food and other products
Good image and packaging of imported products is expected and will position the product in the
medium to high end of the market
For new and different products, consider in-store tastings as part of a launch plan to increase the
chances of market entry
Food sales generally go to supermarkets, followed by traditional retailers and to a small extent to
institutions (HRI food services). Institutional sales are often handled as a separate business by the food
Small neighborhood food stores continue to grow in number but nevertheless they struggle to compete
with the large supermarket chains which are constantly gaining a higher market share as smaller
independent stores cannot match the efficiencies and location advantages of market-leading
If sales volumes are not high, direct imports will generally not be of interest to Chilean buyers because
the costs and effort required to get an edible product approved are disproportionately high. In this case,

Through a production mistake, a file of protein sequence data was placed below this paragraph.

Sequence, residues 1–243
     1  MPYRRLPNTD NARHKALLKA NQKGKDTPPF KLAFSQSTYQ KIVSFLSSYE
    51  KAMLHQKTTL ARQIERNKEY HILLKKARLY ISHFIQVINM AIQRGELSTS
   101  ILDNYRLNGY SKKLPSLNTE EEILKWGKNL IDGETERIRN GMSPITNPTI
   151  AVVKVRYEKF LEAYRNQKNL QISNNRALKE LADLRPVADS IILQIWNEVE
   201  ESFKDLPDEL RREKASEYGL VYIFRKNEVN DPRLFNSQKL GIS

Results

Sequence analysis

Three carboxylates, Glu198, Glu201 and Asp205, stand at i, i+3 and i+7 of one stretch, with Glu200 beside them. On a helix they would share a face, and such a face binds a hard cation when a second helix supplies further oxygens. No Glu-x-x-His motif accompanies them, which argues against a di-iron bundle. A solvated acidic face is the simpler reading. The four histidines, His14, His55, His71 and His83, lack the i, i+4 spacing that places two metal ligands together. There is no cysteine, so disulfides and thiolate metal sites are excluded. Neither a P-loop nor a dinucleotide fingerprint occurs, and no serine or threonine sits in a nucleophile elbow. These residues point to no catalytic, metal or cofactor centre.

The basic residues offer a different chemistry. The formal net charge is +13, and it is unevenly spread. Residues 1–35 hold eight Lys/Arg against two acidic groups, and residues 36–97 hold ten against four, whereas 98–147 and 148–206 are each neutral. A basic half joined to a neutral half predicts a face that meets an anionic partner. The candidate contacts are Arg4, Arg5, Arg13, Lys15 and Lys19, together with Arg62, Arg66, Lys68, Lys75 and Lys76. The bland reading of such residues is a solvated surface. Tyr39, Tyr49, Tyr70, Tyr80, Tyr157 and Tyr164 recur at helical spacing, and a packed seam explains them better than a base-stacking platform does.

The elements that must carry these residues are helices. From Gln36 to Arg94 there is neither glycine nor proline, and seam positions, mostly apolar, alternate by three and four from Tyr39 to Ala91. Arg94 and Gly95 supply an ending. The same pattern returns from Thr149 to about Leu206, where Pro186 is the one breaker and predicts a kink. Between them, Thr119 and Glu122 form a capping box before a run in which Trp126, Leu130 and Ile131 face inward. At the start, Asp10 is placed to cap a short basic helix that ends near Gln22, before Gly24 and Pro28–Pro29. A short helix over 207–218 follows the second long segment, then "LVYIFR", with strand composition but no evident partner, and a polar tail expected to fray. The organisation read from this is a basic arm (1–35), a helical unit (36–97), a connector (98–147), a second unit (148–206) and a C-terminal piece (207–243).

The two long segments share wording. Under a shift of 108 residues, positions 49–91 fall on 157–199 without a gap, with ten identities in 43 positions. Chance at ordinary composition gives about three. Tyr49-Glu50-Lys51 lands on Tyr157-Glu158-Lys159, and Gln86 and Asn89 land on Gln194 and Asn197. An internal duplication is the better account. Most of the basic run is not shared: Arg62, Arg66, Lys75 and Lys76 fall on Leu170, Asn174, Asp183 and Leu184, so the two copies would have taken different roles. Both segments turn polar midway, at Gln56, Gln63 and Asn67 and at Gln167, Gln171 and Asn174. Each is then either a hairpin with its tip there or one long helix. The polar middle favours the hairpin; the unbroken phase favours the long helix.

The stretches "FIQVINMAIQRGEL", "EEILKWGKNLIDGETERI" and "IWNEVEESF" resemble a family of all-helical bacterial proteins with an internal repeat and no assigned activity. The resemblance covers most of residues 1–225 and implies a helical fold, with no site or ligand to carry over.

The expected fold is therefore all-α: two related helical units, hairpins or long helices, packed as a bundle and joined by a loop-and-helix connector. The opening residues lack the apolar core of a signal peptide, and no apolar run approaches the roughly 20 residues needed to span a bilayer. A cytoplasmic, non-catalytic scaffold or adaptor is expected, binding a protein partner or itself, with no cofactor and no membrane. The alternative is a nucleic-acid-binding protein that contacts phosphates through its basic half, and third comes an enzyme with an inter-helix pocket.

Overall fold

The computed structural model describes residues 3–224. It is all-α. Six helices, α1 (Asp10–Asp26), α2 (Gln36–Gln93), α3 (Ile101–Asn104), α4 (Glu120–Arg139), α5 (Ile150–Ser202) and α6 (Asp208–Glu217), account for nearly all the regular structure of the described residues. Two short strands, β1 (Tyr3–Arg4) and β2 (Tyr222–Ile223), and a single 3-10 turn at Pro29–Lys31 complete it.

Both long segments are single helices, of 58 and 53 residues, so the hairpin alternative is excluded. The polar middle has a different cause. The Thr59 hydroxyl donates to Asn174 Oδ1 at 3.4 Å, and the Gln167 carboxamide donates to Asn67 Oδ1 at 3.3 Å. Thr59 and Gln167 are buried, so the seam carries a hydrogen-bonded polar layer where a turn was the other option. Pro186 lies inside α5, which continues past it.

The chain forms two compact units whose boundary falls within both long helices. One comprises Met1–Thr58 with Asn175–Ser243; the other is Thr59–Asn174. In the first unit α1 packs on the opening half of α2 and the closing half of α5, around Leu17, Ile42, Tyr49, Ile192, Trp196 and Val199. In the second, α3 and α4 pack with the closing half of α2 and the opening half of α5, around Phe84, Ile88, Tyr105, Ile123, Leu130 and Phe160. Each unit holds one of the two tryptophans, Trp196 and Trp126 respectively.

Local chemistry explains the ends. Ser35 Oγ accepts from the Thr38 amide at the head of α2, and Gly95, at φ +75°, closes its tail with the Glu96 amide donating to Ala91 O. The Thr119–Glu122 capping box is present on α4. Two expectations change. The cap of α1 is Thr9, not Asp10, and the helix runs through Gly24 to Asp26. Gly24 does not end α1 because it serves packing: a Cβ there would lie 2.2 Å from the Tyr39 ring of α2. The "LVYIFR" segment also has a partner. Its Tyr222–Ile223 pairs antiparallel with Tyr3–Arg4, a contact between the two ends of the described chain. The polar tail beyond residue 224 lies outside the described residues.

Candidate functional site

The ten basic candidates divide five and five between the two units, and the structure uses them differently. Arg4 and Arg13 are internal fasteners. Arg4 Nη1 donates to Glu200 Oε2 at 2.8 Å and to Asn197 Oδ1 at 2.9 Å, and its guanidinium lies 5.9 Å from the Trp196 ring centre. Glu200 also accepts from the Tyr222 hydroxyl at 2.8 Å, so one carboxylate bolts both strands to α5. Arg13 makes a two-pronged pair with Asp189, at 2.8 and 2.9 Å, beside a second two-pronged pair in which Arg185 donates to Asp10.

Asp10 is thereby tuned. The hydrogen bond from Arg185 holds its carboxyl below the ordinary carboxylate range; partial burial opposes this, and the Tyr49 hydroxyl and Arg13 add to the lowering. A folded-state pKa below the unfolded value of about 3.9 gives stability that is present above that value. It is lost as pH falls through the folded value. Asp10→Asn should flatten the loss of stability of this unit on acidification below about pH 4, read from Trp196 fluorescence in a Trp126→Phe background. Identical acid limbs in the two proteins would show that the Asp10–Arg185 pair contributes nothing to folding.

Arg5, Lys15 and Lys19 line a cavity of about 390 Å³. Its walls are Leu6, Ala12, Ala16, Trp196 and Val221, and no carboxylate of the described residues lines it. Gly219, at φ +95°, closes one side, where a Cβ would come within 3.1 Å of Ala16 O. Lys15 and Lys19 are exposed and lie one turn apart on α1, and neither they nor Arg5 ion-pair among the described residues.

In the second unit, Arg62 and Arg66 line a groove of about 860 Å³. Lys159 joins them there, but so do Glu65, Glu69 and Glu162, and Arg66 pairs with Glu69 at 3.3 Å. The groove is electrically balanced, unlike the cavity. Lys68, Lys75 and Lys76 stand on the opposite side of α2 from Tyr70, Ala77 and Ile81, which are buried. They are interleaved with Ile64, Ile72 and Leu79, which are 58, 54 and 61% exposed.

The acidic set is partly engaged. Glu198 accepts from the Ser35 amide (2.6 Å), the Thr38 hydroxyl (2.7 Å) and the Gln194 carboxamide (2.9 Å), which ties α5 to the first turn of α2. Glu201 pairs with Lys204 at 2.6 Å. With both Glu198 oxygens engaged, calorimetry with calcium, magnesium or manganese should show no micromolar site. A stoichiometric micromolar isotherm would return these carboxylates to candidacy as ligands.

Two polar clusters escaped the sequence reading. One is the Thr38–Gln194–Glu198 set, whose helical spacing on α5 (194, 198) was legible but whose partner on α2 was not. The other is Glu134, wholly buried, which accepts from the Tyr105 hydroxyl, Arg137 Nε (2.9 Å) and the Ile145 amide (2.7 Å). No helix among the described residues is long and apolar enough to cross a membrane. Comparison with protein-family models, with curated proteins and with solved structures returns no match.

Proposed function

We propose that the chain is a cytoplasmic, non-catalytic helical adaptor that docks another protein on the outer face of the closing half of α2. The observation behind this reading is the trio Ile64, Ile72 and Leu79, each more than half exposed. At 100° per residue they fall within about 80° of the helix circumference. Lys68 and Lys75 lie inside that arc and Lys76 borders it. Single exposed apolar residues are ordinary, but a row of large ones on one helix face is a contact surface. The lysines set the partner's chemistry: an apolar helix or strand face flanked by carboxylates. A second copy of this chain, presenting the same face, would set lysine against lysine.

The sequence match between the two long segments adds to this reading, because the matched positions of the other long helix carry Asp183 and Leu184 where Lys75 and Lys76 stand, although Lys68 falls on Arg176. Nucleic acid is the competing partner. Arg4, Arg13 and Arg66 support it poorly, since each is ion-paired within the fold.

it is more reasonable to have a local representative/distributor handle the import process, health
approval, marketing, promotion, selling and stocking.
Distribution Channel Flow Diagram for Imported Foods & Beverages
Section III. Competition
Chile is one of the world’s top leaders in free trade having international trade agreements with 58
countries, representing 85 percent of the world’s GDP and 80 percent of the world’s population.
The U.S. - Chile FTA came into effect on January 1st, 2004. It immediately eliminated tariffs on almost
90% of U.S. products imported into Chile and more than 95% of Chilean exports to the United States.
Tariffs on all products will be eliminated by 2016. Bilateral trade in all goods grew by 33% that same
year, reaching nearly US$ 8 billion, while U.S. exports of consumer-oriented food products to Chile
grew by 54%.
Although the FTA allows immediate duty-free entry into Chile for the majority of U.S. goods, Chile’s
two free trade zones (Iquique and Punta Arenas) still offer some advantages. Modern facilities for